Today on “Days to Remember” we celebrate All Hallows Eve but how did this holiday tradition become what is known today as Halloween?
Halloween can be traced back more than 2,000 years to a Celtic festival known as Samhain (SAH-wen) that celebrated the end of the summer harvest season. The ancient Celts lived in Northern Europe, especially Ireland, Britain, and France. (The “C” in Celtic is pronounced with a “K” sound.)
The Celts believed that the spirits of the dead roamed the towns and villages on the night of October 31. Because the Celts were superstitious, they feared that these spirits could create havoc by damaging crops, creating sickness, and even taking over the bodies of the living. To ward off danger, the Celts made huge bonfires and dressed in animal hides to frighten away the evil spirits. Today people light up the night with creepy decorations, and Jack-o’-lanterns. And rather than parading around in animal hides, most kids prefer to wear spooky costumes.
The origin of trick-or-treating is not well understood. Some people think it began with a custom called souling, when the poor went to people’s homes begging for soul cakes, which were round pieces of bread with currants. In return for the treats, the beggars would pray to help the recently deceased enter heaven.
So how did Samhain turn into Halloween? Well, like all cultural changes, it didn’t happen overnight. Samhain was a pagan (nonreligious) celebration. As Christianity became the dominant religion in the world, the Catholic Church decided it didn’t like people celebrating a non-Christian holiday. Around the year 800 AD, the Church moved a spring holiday—All Saints’ Day—to November 1st. “Hallows” is another word for “saints,” so the night before All Saints’ Day became known as All Hallows’ Eve. From there, it was just a hop, skip, and a jump for All Hallows’ Eve to become Halloween.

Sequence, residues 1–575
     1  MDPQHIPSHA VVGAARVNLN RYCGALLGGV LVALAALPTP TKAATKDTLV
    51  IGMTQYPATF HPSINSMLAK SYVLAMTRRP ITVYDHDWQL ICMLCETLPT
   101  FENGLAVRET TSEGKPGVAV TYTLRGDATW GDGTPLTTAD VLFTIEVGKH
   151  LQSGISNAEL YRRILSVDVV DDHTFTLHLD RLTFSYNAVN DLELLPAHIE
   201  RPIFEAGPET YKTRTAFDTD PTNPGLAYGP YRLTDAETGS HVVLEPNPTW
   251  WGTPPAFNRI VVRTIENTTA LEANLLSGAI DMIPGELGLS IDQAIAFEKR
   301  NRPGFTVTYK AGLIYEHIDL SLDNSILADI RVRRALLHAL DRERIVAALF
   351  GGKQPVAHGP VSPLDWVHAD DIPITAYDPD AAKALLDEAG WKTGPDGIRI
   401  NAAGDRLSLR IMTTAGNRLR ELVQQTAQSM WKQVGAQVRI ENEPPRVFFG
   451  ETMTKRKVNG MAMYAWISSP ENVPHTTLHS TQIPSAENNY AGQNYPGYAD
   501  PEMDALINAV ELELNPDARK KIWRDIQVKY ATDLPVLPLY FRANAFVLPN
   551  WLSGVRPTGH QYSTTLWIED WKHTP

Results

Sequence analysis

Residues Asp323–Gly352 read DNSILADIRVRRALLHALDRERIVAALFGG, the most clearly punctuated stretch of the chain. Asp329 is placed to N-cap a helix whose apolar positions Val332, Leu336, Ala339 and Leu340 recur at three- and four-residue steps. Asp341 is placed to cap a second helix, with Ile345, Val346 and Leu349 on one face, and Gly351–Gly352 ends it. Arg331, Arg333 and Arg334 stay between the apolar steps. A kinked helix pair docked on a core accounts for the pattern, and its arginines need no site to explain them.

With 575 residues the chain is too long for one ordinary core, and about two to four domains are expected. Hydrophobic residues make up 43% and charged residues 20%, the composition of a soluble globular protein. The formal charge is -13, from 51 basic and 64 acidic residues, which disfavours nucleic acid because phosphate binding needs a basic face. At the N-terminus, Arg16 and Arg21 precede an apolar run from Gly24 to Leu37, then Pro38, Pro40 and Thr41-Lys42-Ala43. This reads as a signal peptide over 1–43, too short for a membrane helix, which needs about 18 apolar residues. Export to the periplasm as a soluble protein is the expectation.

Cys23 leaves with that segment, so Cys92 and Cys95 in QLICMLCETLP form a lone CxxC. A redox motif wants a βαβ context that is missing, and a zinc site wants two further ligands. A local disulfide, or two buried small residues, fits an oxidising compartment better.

So when you’re out Saturday night carrying a plastic pumpkin filled with Milky Ways, candy corn, and M&Ms, remember the ancient Celts whooping and hollering so keep safe from evil spirits.
One of my favorite songs on Halloween is called, “Monster Mash.”
Today’s YouTube presentation shared by user name Tamara Tenenbaum is today’s song called, “The Monster Mash,” as we celebrate Halloween today on October 31st.
Who wrote the song called The Monster Mash?
Pickett was an aspiring actor who sang with a band called the Cordials at night while going to auditions during the day. One night, while performing with his band, Pickett did a monologue in imitation of horror movie actor Boris Karloff while performing the Diamonds’ “Little Darlin'”. The audience loved it and fellow band member Lenny Capizzi encouraged Pickett to do more with the Karloff imitation.
Pickett and Capizzi composed “Monster Mash” and recorded it with Gary S. Paxton, pianist Leon Russell, Johnny MacRae, Rickie Page, and Terry Berg, credited as “The Crypt-Kickers”. (Mel Taylor, drummer for the Ventures, is sometimes credited with playing on the record as well, while Russell, who arrived late for the session, appears on the single’s B-side, “Monster Mash Party”) The song was partially inspired by Paxton’s earlier novelty hit “Alley Oop”, as well as by the Mashed Potato dance craze of the era.
A variation on the Mashed Potato was danced to “Monster Mash”, in which the footwork was the same but Frankenstein-style monster gestures were made with the arms and hands.
The song is narrated by a mad scientist whose monster, late one evening, rises from a slab to perform a new dance. The dance becomes “the hit of the land” when the scientist throws a party for other monsters.
The producers came up with several low-budget but effective sound effects for the recording. For example, the sound of a coffin opening was imitated by a rusty nail being pulled out of a board.
The sound of a cauldron bubbling was actually water being bubbled through a straw, and the chains rattling were simply chains being dropped on a tile floor. Pickett also impersonated horror film actor Bela Lugosi as Dracula with the lyric “Whatever happened to my Transylvania Twist?”
When black cats prowl, and pumpkins gleam, may luck be yours on Halloween!
Written & Designed by JD Mitchell